Well in truth, 2015 will be all about mobile, social and big data. They are all components of delivering contextually relevant customer experience across all the channels, devices and platforms. They are tied inexorably to the continuing evolution of technology and the changing way consumers engage with brands. But technology in and of itself will not deliver the goods. The real big thing for next year will be about getting it all to work, deliver the value promised and producing the outcomes needed by the business for continued success.
Everyone agrees on critical strategic importance of customer experience. They agree that in the always connected, omni-channel world, consumers, both B2C and B2B, are in charge. And virtually everyone I speak to agrees that technology plays a key role in enabling experiences. In fact, one of the runners up for 2015 is “digital is dead.” The distinction between online and offline is quickly fading away. From digital billboards and in-store digital displays to wearables and every possible size and shape of mobile devices, there is a digital element in virtually every touchpoint.
The issue isn’t the technology. In 2014 we saw the beginnings of the marketing cloud wars. Adobe, Oracle, IBM, SAP, SDL and Salesforce.com all launched their versions of an integrated suite of marketing technology products. Even though none of the products had breakthrough advancements in functionality or even usability, they were hailed as the wave of the future. And yes, they probably are.
No matter how good the technology is, no matter how well the various software packages are integrated, the value only comes from how well they’re used. Most professional services groups or system integrators can do a good job of installing the plumbing and in some cases do the basic training; here’s all the knobs and here’s how to turn them. But there’s a big difference between learning how to use a tool and learning what to use it for and why.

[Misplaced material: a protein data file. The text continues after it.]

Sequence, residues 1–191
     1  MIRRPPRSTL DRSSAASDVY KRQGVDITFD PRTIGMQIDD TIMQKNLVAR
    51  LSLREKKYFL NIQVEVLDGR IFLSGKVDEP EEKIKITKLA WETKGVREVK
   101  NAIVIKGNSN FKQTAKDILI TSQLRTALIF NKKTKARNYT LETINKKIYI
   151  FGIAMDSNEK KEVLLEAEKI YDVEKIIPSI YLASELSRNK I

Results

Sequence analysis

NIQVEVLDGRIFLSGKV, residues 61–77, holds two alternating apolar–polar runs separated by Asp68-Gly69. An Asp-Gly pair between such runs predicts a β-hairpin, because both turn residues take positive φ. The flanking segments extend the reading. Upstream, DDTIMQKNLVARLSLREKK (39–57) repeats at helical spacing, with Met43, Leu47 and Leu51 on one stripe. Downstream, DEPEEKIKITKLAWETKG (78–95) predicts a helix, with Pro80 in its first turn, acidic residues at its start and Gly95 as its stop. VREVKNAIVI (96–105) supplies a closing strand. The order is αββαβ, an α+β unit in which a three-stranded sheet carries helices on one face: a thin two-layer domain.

That’s what I mean by getting it to work. And this is where companies are having the hardest time. A few weeks ago, I was speaking at an industry lunch on customer experience and was talking to a VP of a major insurance company. She told me that their biggest problem was getting things done inside the company. The problem wasn’t technology or even vision or strategy; it was business process engineering, organizational readiness and the most dreaded buzzword, governance.
She isn’t alone. The debate over how to get the CMO and the CIO to speak the same language fills thousands of articles, posts and conference agendas. The theme of breaking down silos is on everyone’s lips, whether they are data silos, internal organizational silos or P&L silos. Marketing departments are being given incredible new tools to use, marketing leadership has brilliant ideas to win and retain customers and yet, most front line marketers, website producers, email marketing specialists and media buys still operate in their own vacuums, assigned very tactical tasks like making sure the web links are functioning, the right number of email campaigns are launched and the media budget is spent. Their metrics reflect their tasks and in general are disconnected from the impact they may or may not have on the business bottom line.
And just like the need to improve customer experiences, everyone gets the need to think and act more strategically. The problem is they just aren’t sure how to go about doing it. The ROI of billions of dollars of investment in digital marketing and marketing technology is at stake. The CEO and the CFO won’t wait. The stock market won’t wait. It will reward the leaders and take down the laggards. And that’s why the overriding trend for 2015 will be getting it to all work together.